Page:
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San Francisco police propose allowing robots to use deadly force against people

So much for the laws of robotics...

By Cassidy Ward
Police robot

Early in Edward Neumeier’s career, he was in the art department for Blade Runner and started wondering what it might be like if a robot cop lived in that dystopian cyberpunk future world. The result of those musings eventually became RoboCop, which spawned a long-lived franchise including two sequels, a cartoon, and a live-action TV series (now streaming on Peacock!).

While Alex Murphy, a.k.a. RoboCop, maintains some of his prior humanity, the same can’t be said for his fully robotic co-workers. The ED-209 law enforcement droid designed by the fictional mega-corporation Omni Consumer Products doesn’t have any problem killing people, even when it’s not supposed to. Now the San Francisco Police Department appears to be taking a page out of OCP’s playbook, according to a recently released equipment proposal.

In addition to armored vehicles, battering rams, explosives, loudspeaker systems, and firearms, the equipment proposal, if accepted, would also change the way the SFPD uses the robots when interacting with the public. An early draft of the proposal included verbiage which explicitly stated that robots would not be used as a Use of Force against any person. However, during deliberations, that verbiage was crossed out and replaced with new guidelines. The proposal as it exists today states, “Robots will only be used as a deadly force option when risk of loss of life to members of the public or officers is imminent and outweighs any other force option available to SFPD.”

That wording follows a comprehensive list of robots the SFPD has at its disposal, which includes surveillance robots and bomb disposal robots. At present, the department has seventeen robots, twelve of which are operational as of this writing. According to The Verge, the change in policy was ultimately accepted by Aaron Peskin, the Dean of the city’s Board of Supervisors, because he was convinced there were situations in which a robot using deadly force against a person might be the only option. That version is now going up to the Board of Supervisors for approval.

Peskin isn't coming up with the idea that police robots might need to use deadly force out of nowhere. In 2016, after a shooter killed five people in Dallas, police there cornered a suspect in a parking garage where a standoff ensued. Hours later, Dallas police deployed a bomb disposal robot with an explosive attached and detonated it in the garage, killing the alleged shooter. In a press statement after the incident, Dallas Police Chief David Brown said, “we saw no other option but to use our bomb robot and place a device on its extension for it to detonate where the suspect was. Other options would have exposed our officers to grave danger. The suspect is deceased as a result of detonating the bomb.”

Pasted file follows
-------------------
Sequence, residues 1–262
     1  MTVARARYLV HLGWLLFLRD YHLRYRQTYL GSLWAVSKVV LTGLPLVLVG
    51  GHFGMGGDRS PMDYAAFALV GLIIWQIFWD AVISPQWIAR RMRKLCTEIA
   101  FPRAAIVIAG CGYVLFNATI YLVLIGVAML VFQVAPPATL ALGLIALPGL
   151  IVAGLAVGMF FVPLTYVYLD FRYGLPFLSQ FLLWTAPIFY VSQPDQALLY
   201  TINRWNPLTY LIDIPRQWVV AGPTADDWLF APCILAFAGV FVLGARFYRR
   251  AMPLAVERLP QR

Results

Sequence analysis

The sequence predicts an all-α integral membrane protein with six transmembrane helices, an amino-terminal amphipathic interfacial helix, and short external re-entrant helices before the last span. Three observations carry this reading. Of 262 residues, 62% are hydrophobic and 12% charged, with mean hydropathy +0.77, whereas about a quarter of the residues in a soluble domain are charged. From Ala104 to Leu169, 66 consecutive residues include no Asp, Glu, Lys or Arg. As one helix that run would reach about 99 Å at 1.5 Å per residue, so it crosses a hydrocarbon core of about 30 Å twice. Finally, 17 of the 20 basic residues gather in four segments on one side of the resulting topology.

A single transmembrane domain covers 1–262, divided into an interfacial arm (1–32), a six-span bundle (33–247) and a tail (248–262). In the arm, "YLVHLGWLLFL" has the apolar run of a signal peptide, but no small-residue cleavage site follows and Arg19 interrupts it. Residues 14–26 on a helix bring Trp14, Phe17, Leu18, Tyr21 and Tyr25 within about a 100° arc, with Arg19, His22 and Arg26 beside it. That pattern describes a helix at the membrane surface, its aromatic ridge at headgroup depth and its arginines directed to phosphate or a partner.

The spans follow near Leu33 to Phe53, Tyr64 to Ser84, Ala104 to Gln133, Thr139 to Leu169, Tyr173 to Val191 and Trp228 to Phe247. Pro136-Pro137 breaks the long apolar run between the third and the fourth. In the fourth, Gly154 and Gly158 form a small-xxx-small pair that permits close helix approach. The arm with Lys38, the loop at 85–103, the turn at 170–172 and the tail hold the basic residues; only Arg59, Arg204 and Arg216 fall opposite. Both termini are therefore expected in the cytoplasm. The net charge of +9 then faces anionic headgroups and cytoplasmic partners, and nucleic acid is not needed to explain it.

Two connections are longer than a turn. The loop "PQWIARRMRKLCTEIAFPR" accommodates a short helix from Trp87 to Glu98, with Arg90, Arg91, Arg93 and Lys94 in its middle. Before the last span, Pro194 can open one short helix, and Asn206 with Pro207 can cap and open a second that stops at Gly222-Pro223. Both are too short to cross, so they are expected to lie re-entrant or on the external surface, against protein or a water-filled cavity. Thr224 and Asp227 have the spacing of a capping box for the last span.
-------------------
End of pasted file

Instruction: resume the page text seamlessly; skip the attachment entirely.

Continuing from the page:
While that incident proves that bomb disposal robots can be used (albeit not as intended) to deliver deadly force to a person, police departments need not go to all that trouble in order to use robots to kill. According to the SFPD’s equipment proposal, they are currently in possession of QinetiQ TALON, which is capable of bomb disposal, reconnaissance, communications, rescue missions, HAZMAT situations and more. Importantly, the United States military presently uses a version of the very same robot equipped with grenade launchers, machine guns, and other weapons.

In addition to deadly force, the proposal also grants the SFPD the ability to use robots in “training and simulations, criminal apprehensions, critical incidents, exigent circumstances, executing a warrant or during suspicious device assessments.”

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That last bit sounds like the sort of thing you do with a bomb disposal robot, but “critical incidents” is defined broadly enough that nearly anyone could feasibly find themselves on the wrong side of a weaponized robot.

Of course, the SFPD isn’t the only player in the debate over the use of robots. Six major robotics companies, including Boston Dynamics, released an open letter earlier this year pledging not to weaponize their robotic systems and calling on others to have the same restraint. The letter reads, in part, “We believe that adding weapons to robots that are remotely or autonomously operated, widely available to the public, and capable of navigating to previously inaccessible locations where people live and work, raises new risks of harm and serious ethical issues. Weaponized applications of these newly-capable robots will also harm public trust in the technology in ways that damage the tremendous benefits they will bring to society.”

Since the arrival of drone warfare, a lot has been made about the potential pitfalls of technologizing violence. Drone pilots report a surreal feeling as they stalk and kill targets thousands of miles away from the safety of a station in Virginia. Then they live with the trauma of having facilitated violence, even through a screen, sometimes for the rest of their lives. One can’t help but wonder if we might not see the same failings play out in California that we saw in Afghanistan and elsewhere. If the Board of Supervisors accepts the proposal, we might find out what RoboCop looks like in the real world.